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k-dog
03-14-2009, 11:27 PM
I was out doing some tilling today and had some issues with my Woods GTC60 tiller. First, the corner piece of steel that holds the bolt which holds the rear gate broke off. I welded another piece of stell on there and fixed that with no problem. Then a couple hours later, I broke a link in the chain. Here is my question, can I replace just the link that broke or do I just get a new chain? Right now I am leaning towards getting a new chain as I'm afraid that some of the other links may be on the verge of going.

This has been the only issues I have encoutered with this tiller that I bought new over 5 years ago and I till quite a few gardens every year for people in the community. I think the slip clutch might be seized up from setting out in the weather which caused the chain to break when it hit a rock.
Thanks in advance for any suggestions.

Mith
03-15-2009, 03:09 AM
Welcome to the site!

It certainly is possible to replace broken links instead of buying a new chain, however, as you said, replacing the chain would probably be the way to go. Other links might be damaged from whatever caused the chain to break.

urednecku
03-15-2009, 08:56 AM
I don't have any experience with tillers, but some with other equipment. I agree with mith, think I'd replace the chain, if possible. I would also check the clutch before I used it again, a replacement would be lots cheaper than breaking something in your tractor.

BTW, welcome to the forum! Be sure to stick around & post some pics!

EastTexFrank
03-15-2009, 01:22 PM
k-dog, welcome.

How cheap are you???? If you're like me, with more time than money, I'd probably repair the link but, on the other hand, it'd be a lot easier and faster just to replace the whole chain. Besides, it might give you more peace of mind.

I'd make sure the slip clutch is working right away. You could be looking at some serious (expensive) damage to the tractor and/or the tiller gears if it's locked up.

k-dog
03-15-2009, 08:31 PM
Thanks guys, I went to TSC today picked up a 10 foot long chain (half the price of a new one for the tiller) fixed it to correct link and now have it ready to go. I also picked up a packed of links and I was going to just fix the old chain and keep the new long section for backup but one of the rollers was messed up on the old chain so I will need to fix that later as well.
I'm holding off on installing it until I can check the slip clutch. How do I check the slip clutch? And if it is seized up slightly from the weather (it sets out all year long) how do you go about getting it free?

Thanks again, I came over from Forums Forums. I had been meaning to join over here just never got around to it.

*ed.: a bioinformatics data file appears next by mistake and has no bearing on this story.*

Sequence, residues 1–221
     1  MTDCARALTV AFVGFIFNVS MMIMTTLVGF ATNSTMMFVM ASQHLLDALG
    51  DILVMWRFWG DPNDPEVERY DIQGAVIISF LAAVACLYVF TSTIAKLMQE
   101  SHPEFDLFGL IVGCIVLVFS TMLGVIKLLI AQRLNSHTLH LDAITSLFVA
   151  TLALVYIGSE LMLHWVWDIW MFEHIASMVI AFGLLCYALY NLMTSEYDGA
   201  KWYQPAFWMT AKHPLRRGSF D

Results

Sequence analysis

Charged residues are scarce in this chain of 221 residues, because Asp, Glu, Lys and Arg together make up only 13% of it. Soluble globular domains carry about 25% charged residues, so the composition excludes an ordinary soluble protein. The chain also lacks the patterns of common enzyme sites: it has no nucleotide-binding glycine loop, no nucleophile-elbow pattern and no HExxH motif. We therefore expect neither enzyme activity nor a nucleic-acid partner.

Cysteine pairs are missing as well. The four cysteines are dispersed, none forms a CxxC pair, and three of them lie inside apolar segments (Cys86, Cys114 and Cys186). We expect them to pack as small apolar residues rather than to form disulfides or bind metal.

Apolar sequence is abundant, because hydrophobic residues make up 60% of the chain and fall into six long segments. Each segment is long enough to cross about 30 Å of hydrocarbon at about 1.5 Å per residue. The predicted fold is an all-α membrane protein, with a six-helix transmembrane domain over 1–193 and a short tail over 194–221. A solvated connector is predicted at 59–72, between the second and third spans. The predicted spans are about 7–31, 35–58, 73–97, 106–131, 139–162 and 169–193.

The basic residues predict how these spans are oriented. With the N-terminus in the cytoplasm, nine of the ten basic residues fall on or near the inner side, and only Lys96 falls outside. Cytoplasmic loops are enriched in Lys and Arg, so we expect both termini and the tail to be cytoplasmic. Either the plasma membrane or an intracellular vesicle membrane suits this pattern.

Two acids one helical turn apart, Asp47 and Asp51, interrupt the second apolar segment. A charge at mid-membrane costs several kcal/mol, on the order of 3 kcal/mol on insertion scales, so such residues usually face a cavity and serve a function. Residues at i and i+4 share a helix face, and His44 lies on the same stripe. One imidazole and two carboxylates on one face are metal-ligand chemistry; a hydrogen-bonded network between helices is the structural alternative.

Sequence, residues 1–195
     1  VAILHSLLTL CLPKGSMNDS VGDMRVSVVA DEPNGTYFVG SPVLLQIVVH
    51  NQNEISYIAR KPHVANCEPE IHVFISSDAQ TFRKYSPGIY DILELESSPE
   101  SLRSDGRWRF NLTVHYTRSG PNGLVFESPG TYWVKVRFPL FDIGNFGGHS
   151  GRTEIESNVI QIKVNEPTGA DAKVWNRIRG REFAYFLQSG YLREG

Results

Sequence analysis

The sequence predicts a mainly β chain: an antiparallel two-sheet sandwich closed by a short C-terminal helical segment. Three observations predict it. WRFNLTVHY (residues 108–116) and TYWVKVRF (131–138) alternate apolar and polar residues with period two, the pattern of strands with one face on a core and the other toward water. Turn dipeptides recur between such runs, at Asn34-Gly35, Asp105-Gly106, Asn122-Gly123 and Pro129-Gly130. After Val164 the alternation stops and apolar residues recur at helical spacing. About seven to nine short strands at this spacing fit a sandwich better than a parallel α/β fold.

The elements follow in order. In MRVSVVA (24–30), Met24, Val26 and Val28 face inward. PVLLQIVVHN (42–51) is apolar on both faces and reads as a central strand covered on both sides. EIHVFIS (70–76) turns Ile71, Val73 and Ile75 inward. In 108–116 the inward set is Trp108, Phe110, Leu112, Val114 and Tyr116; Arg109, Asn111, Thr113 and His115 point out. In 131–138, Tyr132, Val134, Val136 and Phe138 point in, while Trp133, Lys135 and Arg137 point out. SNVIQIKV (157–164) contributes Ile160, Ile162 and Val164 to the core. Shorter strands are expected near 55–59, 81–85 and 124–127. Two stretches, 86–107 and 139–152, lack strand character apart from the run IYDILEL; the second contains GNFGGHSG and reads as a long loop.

urednecku
03-15-2009, 09:08 PM
How do I check the slip clutch?

I would also like to know the best way---I have an old tiller that's been setting for about, oh, who knows how many years? (I got it in a package deal with some other equipment, & have been meaning to post some pics & see what I can find out about it.) I've never hooked it up, but hope to this spring. It has a slip clutch also, & I need to check it out, too.

EastTexFrank
03-15-2009, 11:35 PM
I've never done it on a tiller. My one has a shear pin. I've done it on a bush hog though when I had to replace all of the friction pads. It was a case of backing off the adjustment bolts and separate the pads until you could turn the PTO shaft by hand and then make it back up, tightening the bolts in sequence a little at a time. I was lucky because there were instructions on how to do it in the manual. You come to a point though when you have to fall back on trial and error for the final adjustment.

urednecku
03-16-2009, 10:05 AM
Thanks, ETF, that sounds logical. Time consuming, but logical. I can't even read the brand of my tiller, much less have a manual.

k-dog
03-16-2009, 10:42 AM
I checked my manual and it said adjust the clutch every 400 hours and the slip clutch adjustment should only be done by specialized mechanics. I'm going to give mine a try later on today. I figure I'll loosen it up and make sure it is free and then use a small torque wrench to ensure all bolts have the same tension. Then I'll keep adding torque and trying it out until it seems good.

urednecku
03-16-2009, 11:25 AM
Thanks! Please keep us informed. I only have the "manual" type torque wrench now :hide:, guess I need to invest in the "mechanical" type for this.

k-dog
03-17-2009, 12:28 PM
Well, I got the new chain put on, put the case back on and filled with gear lube.
Now onto checking out the slip clutch. I think the slip clutch was too tight. I loosened up all the bolts with springs to the point where I could have the PTO engaged (of course tractor was off) and then turned the tines on the tiller. I could see the clutch slip like it was supposed to. I then torqued the bolts on the slip clutch to 40 inch pounds (not foot pounds but inch pounds, used 1/4 inch torque wrench) and while it held I didn't think it was tight enough and would cause too much slipping. I then torqued all the bolts to 65 inch pounds.

I went out and tested the tiller. I'm thinking I got it pretty good, but it is hard to tell. I didn't want it slipping too easy or it would just wear out the clutch plates. It did seem to give some when I hit some rocks. I still may have to adjust it some more. I'll probably give it a workout this weekend.